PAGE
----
• Karen Spears Zacharias

      Thanks Lori.

  • Here’s to hoping that your Karly story will open the eyes of many people that see children at risk and move to help.

    • Karen Spears Zacharias

      Appreciate the sentiments and prayers, friend.

  • Thank you for your thoughts. As always, you speak the truth and speak for the victim. I can’t wait to read your book about Karly !

  • william

    1) can you point to one piece of research that backs up your assertion that people believe pretty people more then not -so-pretty people?

    2) let’s say you’re right. research does indicate that they do get preferential treatment in some cases. She didn’t testify, so I’d have to say thats a big reason to disagree with your assertion here. She gave no testimony, said nothing, did nothing, except sit there. I’d be reallll hard pressed to believe that this jury looked at everything and the one thing that convinced them was that they looked at her and said “boy, ain’t she purty?” If anything, i think that her looks would’ve worked against her in this case. it worked to the prosecutions ides that she was young, wanted out of being a parent, and she was partying a few weeks later. So, sorry this doesn’t add up as an explantion.

  • I will turn my back on anything adn every little thing that has her name or even a slight hint that she could profit from….I will bear in mind Caylee and I will not forget her nor will I forget who Casey is …a murderer of a child …HER OWN CHILD..

  • Ashley W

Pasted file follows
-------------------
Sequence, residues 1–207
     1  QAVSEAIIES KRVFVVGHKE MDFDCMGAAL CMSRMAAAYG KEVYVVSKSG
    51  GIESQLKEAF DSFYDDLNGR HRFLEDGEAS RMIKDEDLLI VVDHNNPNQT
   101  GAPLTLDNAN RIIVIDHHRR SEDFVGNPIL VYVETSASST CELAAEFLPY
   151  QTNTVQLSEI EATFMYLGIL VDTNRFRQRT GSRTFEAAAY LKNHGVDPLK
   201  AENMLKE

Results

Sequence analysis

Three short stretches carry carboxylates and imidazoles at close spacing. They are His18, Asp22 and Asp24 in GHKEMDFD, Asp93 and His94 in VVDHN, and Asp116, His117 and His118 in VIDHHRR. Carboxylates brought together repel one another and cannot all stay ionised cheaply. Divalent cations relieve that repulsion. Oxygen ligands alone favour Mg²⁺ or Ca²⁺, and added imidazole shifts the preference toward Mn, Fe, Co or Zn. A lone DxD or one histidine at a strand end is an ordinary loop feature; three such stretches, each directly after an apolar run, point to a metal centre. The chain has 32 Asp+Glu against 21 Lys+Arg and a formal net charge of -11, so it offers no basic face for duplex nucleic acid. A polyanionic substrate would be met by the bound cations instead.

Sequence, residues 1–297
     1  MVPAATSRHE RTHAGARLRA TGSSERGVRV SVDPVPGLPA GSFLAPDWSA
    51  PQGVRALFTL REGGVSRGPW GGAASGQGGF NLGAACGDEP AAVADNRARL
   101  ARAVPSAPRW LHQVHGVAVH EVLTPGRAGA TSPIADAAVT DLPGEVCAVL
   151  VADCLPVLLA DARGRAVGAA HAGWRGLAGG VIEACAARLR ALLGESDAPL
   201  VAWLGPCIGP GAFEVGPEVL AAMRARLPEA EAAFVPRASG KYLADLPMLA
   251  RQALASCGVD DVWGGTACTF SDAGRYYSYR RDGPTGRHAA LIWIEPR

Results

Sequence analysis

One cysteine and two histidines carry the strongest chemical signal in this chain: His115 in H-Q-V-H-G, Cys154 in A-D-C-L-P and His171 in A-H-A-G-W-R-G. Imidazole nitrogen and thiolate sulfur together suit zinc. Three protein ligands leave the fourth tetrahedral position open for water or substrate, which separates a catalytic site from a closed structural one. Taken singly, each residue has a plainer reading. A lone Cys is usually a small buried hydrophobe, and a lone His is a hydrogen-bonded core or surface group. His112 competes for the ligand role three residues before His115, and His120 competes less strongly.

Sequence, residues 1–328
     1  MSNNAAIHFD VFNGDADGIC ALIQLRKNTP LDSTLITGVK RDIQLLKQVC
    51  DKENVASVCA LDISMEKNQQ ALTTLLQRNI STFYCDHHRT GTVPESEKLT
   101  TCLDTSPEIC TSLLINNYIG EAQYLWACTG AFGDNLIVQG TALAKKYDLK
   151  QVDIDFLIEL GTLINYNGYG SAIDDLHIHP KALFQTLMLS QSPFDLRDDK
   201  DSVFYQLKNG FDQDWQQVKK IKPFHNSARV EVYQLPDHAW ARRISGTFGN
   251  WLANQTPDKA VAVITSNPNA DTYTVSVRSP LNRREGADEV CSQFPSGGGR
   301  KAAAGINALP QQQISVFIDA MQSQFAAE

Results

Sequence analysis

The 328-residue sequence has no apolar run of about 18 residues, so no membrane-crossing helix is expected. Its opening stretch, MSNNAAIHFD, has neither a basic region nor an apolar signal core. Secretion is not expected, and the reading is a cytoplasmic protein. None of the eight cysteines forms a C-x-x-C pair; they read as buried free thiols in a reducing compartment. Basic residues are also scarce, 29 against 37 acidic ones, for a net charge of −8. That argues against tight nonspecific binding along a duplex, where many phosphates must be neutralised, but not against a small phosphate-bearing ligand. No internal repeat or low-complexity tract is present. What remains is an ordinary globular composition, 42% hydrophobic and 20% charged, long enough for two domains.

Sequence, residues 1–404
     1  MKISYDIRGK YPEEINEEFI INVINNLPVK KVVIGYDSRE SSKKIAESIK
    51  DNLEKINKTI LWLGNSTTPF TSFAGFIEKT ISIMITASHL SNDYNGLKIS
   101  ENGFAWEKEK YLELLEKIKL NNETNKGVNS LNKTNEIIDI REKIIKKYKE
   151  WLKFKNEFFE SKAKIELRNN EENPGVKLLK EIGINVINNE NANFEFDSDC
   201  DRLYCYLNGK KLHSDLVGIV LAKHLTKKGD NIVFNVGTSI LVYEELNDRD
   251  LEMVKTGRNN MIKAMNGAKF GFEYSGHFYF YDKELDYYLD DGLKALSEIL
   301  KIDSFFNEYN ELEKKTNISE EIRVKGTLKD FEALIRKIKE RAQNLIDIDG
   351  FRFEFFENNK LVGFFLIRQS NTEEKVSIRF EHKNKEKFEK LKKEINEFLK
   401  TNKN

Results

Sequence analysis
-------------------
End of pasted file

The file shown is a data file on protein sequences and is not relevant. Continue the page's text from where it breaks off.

Casey Anthony put this Jury on a rollarcoaster ride of lies and the media magnified it for us all to gawk at like mindless drones!! This is sad that the case presented found her in a chair being sentences to death!!! WHat? Really?? The jurors were not going to sit in those chairs and say yes we are making the decision to put her to death!!! Noone wants that responsibility on their shoulders for the rest of their lives as the world goes on and things change and the world sees things in a different light. Such as why did we not make a stand at the questions being asked and not asked and the jurors ability to understand there’s a difference between what it feels like then what it is! Our entire Justice system is in need of reformation so badly!!!! I wish people could open their eye’s. Of course I neither want to find Casey Anthony Guilty and summoned to the Death Penalty as she awaits her fate on death row! Who would?? I can’t fathom taking in the media coverage 24/7 and making this decision at the same time. And taking in the antic’s in the courtroom at the same time! what??!! This world is falling faster and faster into the depths of hell. We have to change and remember a time long ago, that feeling you get when you ponder the meaning of life. I want people to wake up inside and see the truth before us and the devils behind the curtain peeping at us so noticeably! They tell us what to feel and we do and we listen without question as if they are God. I don’t want to even watch T.V. or get online anymore just because of the obsessions it creates. It has to stop, we have the strength if we look up and yearn for God and follow the life that Jesus would want us to follow, to remember. I hope people wake up and I hope they do soon. I don’t want anyone to go to hell. That’s the truth.